The Commerce Clause and Noncommercial Activity
Connecticut Lawyer Norm Pattis has Joined Crime & Federalism

The First Congress and Crime

We can best understand how wrong the government is in Raich if we take a brief look at first principles, and then observe how our first Congress applied those first principles.

Congress' enumerated powers did not include a police power.
It is axiomatic that Congress is limited to enumerated powers. M’Culloch v. Maryland, 17 U.S. (4 Wheat) 316 (1819).  The Federalist No. 45, p. 292-293 (C. Rossiter ed. 1961) ("The powers delegated by the proposed Constitution to the federal government are few and defined. Those which are to remain in the State governments are numerous and indefinite.”)  By definition, to enumerate some things is to exclude others.  The Founders listed – and therefore limited – Congress’ power to define and punish crimes.  Art. I, § 8, Cl. 6 (counterfeiting U.S. currency); Art. I, § 8, Cl. 10 (piracies and felonies committed on the high seas); Art. III, § 3, Cl. 2 (treason).  In each of these areas, Congress has a substantial and legitimate interest since only it may coin money; the high seas are of national import; and one can commit treason only against his country, not his state.

The first Congress recognized constitutionally imposed limitations on its powers.
The first Congress was mindful of enumerated powers and thus enacted only a few federal criminal offenses, mostly dealing with offenses involving felonies on the high seas, crimes committing on or against federal property, and conduct obstructing justice in federal cases.  See "An Act for the Punishment of certain Crimes against the United States."  1 Stat 112 (1790).  A close reading of the first federal crimes is telling.

Sections 1 & 2 punish treason against the United States.  Id. at 112.  Sections 3 & 7 do not punish the state crimes of murder or manslauther.  Rather, it only criminalizes murders committed in "any place *** under the sole and exclusive jurisdiction of the United States,"  id. at 113, and Section 5 punishes the theft from the federal government the body of an executed criminal.  Id.  Section 6 imposes an affirmative duty on a witness to certain listed crimes against the United States to relay his knowledge to the police.  Id.  Section 7 covers arson, but again, only against a building "under the sole and exclusive jurisdiction of the United States."  Id (emphasis added).  Section 9-13 define and punish crimes on the high seas and rivers. Id. at 114-115.  Section 14 criminalizes counterfeiting.  Id. at 115.  Section 15 punishes acts affecting an official paper of a federal court.  Id. at 115-116.  Sections 16 & 17 punish theft-related acts occurring on any place under the "sole and exclusive jurisdiction of the United States."  Id. at 116. Sections 18-20 cover perjury committed in federal court.  Id. at 116-117.  Section 21 covers bribes against federal officials.  Id. at 117.  Section 22 criminalizes resisting arrest, but only where a federal official is the arresting officer.  Id.  Finally, Section 28 punishes violence against persons under the protection of the United States. Id. at 118.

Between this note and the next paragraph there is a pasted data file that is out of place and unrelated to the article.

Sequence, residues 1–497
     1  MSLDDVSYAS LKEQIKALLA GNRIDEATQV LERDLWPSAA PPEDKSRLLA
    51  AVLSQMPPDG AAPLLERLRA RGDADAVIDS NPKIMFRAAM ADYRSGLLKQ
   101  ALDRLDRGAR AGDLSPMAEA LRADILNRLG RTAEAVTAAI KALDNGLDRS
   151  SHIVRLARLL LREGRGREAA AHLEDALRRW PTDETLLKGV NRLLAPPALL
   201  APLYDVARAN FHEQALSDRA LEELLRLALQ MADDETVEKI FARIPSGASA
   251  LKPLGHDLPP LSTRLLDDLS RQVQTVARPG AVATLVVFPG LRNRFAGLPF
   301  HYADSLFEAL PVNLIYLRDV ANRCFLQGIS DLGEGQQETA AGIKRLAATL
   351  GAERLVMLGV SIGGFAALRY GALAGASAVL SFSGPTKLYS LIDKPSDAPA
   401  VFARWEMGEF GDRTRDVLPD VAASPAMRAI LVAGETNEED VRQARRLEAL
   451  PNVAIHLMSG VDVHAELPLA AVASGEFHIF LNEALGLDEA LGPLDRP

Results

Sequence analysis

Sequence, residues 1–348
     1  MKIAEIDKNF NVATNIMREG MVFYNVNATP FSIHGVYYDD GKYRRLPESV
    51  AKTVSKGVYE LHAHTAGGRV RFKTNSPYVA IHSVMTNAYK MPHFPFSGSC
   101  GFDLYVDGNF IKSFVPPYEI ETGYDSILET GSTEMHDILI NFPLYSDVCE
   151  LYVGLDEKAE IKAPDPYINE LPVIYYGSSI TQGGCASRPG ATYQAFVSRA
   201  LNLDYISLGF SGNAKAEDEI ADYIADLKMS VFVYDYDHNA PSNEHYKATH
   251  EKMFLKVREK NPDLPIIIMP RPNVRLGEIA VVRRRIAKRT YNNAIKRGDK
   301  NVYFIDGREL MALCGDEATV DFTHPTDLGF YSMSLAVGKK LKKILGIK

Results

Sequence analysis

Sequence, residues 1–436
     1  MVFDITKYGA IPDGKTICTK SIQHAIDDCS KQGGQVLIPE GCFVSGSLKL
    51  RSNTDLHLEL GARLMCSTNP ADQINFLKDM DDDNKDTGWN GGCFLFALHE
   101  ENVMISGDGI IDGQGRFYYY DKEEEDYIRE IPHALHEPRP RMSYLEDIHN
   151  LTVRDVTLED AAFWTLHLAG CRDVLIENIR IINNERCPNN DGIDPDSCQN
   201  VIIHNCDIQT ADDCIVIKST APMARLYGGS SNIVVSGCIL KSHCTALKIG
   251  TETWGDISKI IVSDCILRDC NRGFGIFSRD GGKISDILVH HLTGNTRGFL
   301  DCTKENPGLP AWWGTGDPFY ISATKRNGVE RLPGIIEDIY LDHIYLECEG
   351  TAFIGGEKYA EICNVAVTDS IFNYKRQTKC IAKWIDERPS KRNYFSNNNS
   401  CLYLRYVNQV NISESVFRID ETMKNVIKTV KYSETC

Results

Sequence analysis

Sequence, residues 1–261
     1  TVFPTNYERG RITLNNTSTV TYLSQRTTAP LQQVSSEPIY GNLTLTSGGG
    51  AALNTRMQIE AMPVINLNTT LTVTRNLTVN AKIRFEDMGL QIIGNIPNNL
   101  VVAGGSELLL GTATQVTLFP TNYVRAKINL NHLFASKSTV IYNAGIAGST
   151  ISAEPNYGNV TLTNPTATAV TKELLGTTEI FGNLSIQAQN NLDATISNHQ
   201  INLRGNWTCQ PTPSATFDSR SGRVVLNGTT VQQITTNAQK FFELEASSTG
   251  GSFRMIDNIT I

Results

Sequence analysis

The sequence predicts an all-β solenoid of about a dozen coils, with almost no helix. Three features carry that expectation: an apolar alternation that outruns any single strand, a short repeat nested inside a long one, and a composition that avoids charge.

The first criminal code teaches us that Congress may criminalize conduct in only two discreet circumstances.  First, Congress may criminalize conduct pursuant to a textual grant of power over criminal acts, e.g., Art. I, § 8, Cl. 6; Art. I, § 8, Cl. 10; Art. III, § 3, Cl. 2, above.  Second, Congress may criminalize conduct where the conduct occurs in a place within the exclusive domain or control of the federal government.  Thus, Congress was careful to cover acts committed only in places under the sole and exclusive jurisdiction of the United States.  Indeed, the second source of power is implied, since a state would lack authority to punish acts against the United States, e.g., a state could not criminalize theft of mail.

The non-commercial use of privately-grown medical marijuana does not fall under either of those two circumstances.  Indeed, though the first criminal code teaches us much about federal power, it also teaches us about proportion. 

Congress initially punished only serious crimes like rape, robbery, and murder.  Here, the federal government wants to punish a woman for self-medicating.  Not only is the the federal government's attempt unconstitutional, it's also uncommonly silly. 

We Americans face threats from domestic and international terrorism. Should our government's scare resources go towards fighting real dangers like the potential for biological terror on our homeland, or should Congress slay paper tigers, or is Ms. Raich's cases, paper angels?